One established intervention to mitigate the adverse implications of inappropriate polypharmacy is medication review (MR).21 MRs involve a thorough assessment of an individual’s medications, considering drug appropriateness, dosage and interactions.22 However, the effectiveness of MR remains unclear, with trials yielding mixed outcomes. A systematic review by Huiskes et al concluded that although MR improved medication-related outcomes, there was a minimal impact on clinical outcomes such as mortality and no effect on the quality of life.23 Duncan et al reported that general physicians and pharmacists regarded remote MR as a ‘tick box’ exercise to be completed as quickly as possible.24 This approach does not align with existing clinical guidelines that advocate for including patients and their families in decisions about their medicines.25 Recognising the need for an enhanced method of medication management, structured medication reviews (SMRs) have emerged as a promising alternative.26–29 An SMR is a comprehensive review of a patient’s medication, focusing on tailoring care to their unique needs, preferences and circumstances. Although clinical pharmacists are expected to lead and conduct SMRs, complex patient cases may necessitate the collaborative expertise of a multidisciplinary team, further ensuring a comprehensive approach.26 30

One of the most significant impacts of the COVID-19 pandemic on healthcare provision has been the rapid integration of technology into routine care, including technology supporting the remote delivery of primary care services. Remote care encompasses all activities in which care is delivered at a distance—through telephone, video or online platforms.31 The need to manage workload, increasing demand for convenient and rapid access to healthcare, and policy drivers on digital healthcare provision may contribute to improving the delivery of medication reviews remotely. However, the extent to which this takes place and the effect, if any, of the mode of delivery on the impact of MR remain unclear.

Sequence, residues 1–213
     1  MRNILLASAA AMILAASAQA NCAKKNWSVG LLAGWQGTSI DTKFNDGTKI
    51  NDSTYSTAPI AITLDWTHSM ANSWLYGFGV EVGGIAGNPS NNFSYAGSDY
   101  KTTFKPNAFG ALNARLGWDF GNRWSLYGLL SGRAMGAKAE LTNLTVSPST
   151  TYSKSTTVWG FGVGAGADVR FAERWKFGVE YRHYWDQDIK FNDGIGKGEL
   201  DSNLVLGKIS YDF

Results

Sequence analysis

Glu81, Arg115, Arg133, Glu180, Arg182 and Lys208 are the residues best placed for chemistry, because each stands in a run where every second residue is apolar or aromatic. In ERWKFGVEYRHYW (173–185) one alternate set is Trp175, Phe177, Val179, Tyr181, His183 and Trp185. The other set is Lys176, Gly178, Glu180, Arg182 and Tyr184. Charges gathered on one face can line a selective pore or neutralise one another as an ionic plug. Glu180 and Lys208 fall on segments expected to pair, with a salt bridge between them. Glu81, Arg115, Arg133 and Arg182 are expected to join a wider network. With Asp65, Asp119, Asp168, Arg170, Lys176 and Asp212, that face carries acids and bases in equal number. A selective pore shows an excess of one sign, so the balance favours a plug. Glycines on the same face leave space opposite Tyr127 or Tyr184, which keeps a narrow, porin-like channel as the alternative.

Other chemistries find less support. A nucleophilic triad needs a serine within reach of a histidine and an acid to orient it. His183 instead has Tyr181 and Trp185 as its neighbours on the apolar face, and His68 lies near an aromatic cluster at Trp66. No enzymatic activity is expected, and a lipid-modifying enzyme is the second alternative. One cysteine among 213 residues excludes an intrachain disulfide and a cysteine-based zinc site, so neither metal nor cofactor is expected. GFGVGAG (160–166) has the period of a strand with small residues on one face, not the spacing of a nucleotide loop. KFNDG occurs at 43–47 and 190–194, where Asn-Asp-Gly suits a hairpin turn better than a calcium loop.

Despite their promise, urgent clarification is needed on how and to what extent SMRs improve outcomes for this complex patient population. For instance, earlier systematic reviews have explored pharmacist and deprescribing services for individuals with multimorbidity in a broader context, but they lacked a detailed analysis of SMR.32 33 In contrast, prior literature centred on SMR has focused solely on frail, older adult populations with neurodegenerative disease and intellectual disability. Moreover, this literature examines SMR in community, secondary and long-term care.34–38 This confined perspective limits applicability, leaving an evidential gap in understanding the impact of SMR on the broader population attending primary care. In the context of the continuing digitalisation of primary care services, assessing the impact of the remote provision of SMR is also crucial.

Thus, this systematic review aims to bridge this gap by assessing the effectiveness of SMR in improving outcomes for adults with multimorbidity and polypharmacy in primary care. A secondary objective is to examine the mode of delivery of SMRs to identify common themes and trends.

Methods and analysis

A systematic literature review will follow the recommendations of the Cochrane Handbook for Systematic Reviews and use Preferred Reporting Items for Systematic Reviews and Meta-Analysis (PRISMA) guidelines.39 40 This systematic review protocol followed PRISMA-prereporting guidelines.41 Eligibility criteria for screening are summarised in table 1. The literature search and data analysis are scheduled to commence in April 2024 and conclude by August 2024.

Table 1

Inclusion criteria categorised by the PICOS framework52

Search strategy

The identification of eligible studies will involve a comprehensive search (1997–present) across multiple electronic databases. These include Ovid MEDLINE, Ovid EMBASE, Web of Science and CINAHL. This time frame was chosen to ensure the search retrieves all relevant evidence, as MRs were first recommended for routine practice in 1997 by the Royal College of Physicians.42 Additionally, no language limitations will be applied. Three automation tools—the ‘Word Frequency Analyser’, the ‘Polyglot Search Translator’ and ‘SearchRefinery’—were employed in the search design.43 44 Moreover, a specialist librarian with experience in evidence synthesis was involved in developing the search strategy (online supplemental materials).

Supplemental material

Eligibility criteria


This systematic review will focus on adults presenting with multimorbidity and polypharmacy to primary care. For this search, this review will adhere to the WHO definition of adults, those aged 19 years or older.45 Multimorbidity will be described as the coexistence of two or more concurrent chronic conditions in an individual without limitation concerning the type of multimorbidity or combination of diseases.46 Polypharmacy will also be identified as the simultaneous prescription of five or more medications.47